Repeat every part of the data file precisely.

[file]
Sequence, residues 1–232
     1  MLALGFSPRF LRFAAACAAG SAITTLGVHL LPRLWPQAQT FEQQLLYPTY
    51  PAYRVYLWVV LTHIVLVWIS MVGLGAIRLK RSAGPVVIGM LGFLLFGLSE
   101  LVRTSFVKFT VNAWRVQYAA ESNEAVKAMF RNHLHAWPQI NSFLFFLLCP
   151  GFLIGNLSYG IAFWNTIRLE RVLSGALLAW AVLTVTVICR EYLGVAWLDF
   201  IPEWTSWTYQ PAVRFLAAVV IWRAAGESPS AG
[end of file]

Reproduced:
Sequence, residues 1–232
     1  MLALGFSPRF LRFAAACAAG SAITTLGVHL LPRLWPQAQT FEQQLLYPTY
    51  PAYRVYLWVV LTHIVLVWIS MVGLGAIRLK RSAGPVVIGM LGFLLFGLSE
   101  LVRTSFVKFT VNAWRVQYAA ESNEAVKAMF RNHLHAWPQI NSFLFFLLCP
   151  GFLIGNLSYG IAFWNTIRLE RVLSGALLAW AVLTVTVICR EYLGVAWLDF
   201  IPEWTSWTYQ PAVRFLAAVV IWRAAGESPS AG